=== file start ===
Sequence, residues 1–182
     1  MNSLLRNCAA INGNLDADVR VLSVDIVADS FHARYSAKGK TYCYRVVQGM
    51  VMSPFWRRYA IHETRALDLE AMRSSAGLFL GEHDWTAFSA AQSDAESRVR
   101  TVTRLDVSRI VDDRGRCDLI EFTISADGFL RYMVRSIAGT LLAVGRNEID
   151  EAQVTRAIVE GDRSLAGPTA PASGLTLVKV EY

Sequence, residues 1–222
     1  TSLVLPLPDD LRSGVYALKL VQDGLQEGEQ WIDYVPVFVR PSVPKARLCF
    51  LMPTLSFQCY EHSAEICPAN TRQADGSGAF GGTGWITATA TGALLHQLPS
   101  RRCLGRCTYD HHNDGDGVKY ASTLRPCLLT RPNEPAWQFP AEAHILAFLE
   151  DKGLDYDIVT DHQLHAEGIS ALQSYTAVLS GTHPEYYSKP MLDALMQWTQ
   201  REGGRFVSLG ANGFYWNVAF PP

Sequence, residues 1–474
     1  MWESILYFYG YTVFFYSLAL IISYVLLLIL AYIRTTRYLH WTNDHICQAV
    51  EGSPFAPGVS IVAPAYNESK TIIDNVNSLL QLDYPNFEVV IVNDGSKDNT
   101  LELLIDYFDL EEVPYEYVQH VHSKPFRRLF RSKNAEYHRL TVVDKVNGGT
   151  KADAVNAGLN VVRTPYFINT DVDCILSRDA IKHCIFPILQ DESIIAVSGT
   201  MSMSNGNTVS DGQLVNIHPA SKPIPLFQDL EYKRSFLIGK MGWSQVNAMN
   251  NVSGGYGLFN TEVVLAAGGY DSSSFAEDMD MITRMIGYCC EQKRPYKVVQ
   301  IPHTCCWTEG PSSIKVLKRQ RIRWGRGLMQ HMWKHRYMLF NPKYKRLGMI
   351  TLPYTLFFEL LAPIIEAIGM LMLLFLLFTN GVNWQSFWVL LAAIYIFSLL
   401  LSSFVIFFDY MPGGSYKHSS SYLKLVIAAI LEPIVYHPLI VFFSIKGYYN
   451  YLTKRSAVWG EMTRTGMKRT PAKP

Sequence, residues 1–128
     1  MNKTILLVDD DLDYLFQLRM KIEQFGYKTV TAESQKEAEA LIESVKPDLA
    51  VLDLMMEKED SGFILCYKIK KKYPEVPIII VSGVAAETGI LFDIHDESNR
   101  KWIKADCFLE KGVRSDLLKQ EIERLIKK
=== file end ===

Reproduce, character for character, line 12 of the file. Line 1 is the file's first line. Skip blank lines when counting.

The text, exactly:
Sequence, residues 1–474